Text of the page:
What’s the Matter With the Democrats? Post-Massachusetts Reflections on Popular Resentment, the Liberal-Left Vacuum, and Right Comeback

The e-mails are coming in from frightened Europeans.  They are shocked by the previously unknown right-wing Republican state senator Scott Brown’s stunning victory over the establishment Democrat Marcia Coakley in the open seat election for the critical U.S. Senate post formerly held by leading liberal Democrat Teddy Kennedy in “liberal” Massachusetts. The remarkable Brown “upset” costs the Democrats their filibuster proof “super majority: (60 to 40) in the U.S. Senate, endangering the legislative viability Obama’s “health reform” – if that’s what we really want to call it (see below) – as currently constructed.


The Europeans have questions.  “Is the right already having a come back in the United States?”


“Could the Republicans really return to power?”


“What’s wrong with the American people – why are they so fickle?”


“What makes Americans so stupid and reactionary? The Republicans advanced the free market ideology that caused the economic meltdown. The Republicans championed the unpopular invasion of Iraq and cling to a religious zealotry that works against rational policy and the interests of ordinary Americans. Why would they be having a comeback? Is it racism?”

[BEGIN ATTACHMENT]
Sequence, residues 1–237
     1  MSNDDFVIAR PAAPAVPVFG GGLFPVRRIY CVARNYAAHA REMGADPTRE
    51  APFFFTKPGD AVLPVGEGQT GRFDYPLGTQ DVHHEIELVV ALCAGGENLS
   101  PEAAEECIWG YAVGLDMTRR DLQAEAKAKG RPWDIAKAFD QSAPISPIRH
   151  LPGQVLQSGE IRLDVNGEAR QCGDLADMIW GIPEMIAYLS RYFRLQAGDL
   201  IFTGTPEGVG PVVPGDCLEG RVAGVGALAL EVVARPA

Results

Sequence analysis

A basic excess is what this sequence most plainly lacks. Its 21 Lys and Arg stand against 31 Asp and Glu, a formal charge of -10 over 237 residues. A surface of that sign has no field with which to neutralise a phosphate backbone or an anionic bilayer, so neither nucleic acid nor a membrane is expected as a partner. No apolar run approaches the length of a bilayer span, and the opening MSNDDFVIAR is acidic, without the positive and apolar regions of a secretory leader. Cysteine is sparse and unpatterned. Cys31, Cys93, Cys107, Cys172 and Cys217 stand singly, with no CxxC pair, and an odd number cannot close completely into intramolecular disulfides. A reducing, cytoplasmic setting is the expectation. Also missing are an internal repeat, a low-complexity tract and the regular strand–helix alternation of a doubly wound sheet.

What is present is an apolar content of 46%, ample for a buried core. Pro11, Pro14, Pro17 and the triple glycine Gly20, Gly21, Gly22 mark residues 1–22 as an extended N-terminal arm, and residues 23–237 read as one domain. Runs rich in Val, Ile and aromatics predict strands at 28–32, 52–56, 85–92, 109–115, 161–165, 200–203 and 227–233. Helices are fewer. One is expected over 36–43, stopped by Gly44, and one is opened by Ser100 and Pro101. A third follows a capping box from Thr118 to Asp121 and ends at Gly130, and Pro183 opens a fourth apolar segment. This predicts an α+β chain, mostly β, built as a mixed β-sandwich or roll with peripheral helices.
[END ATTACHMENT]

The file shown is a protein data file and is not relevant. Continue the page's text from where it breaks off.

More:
Similar things are being asked and said in elite liberal circles here in the U.S. The arrogant “tsk tsk”-ing about “stupid” and “reactionary” ordinary Americans is quite audible from privileged academic Democrats in my current home town, an upscale university-based liberal stronghold.




Yes, worried liberals and Europeans, the Republican comeback is real.  Scott Brown’s triumph is only the latest sign of the right’s return. Last August, highly organized right wing Republicans successfully disrupted town hall meetings on health care across dozens of U.S. congressional districts. On September 12, 2009, “conservatives” put perhaps as many as 100,000 angry Republicans and rightists in the streets of Washington D.C. to protest and “take our country back” from Barack Obama and the Democrats’ supposed “radical leftist” agenda.


Last November 3rd, the Republicans took all of the top elected offices in Virginia’s off-year election.  The GOP expelled Democratic governor Jon Corzine in New Jersey.  It repealed a gay marriage law in Maine.


And through it all the ratings of hard-right “paranoid-style”[1] radio and television personalities like Glenn Beck, Sean Hannity, Rush Limbaugh, and other demagogues of the FOX News variety have been sky high.  The vapid and vicious proto-fascistic former Alaska governor Sarah Palin retains a fierce and stubborn base of support among millions of Americans who believe that Obama is advancing a “secret” socialist agenda and that the corporate media is owned and run by (of all things) “the left.”


Meanwhile, the Anti-Defamation League reports that the number of right-wing paramilitary militias operating in the U.S. rose from 50 to 200 between 2007 and 2010.[2]


MSNBC talk show hosts Rachel Maddow and Keith Olbermann might portray the American right as a marginal collection of goofy tea-party kooks whose main role is to provide laughs for all-knowing liberals, but there is something much more significant going on.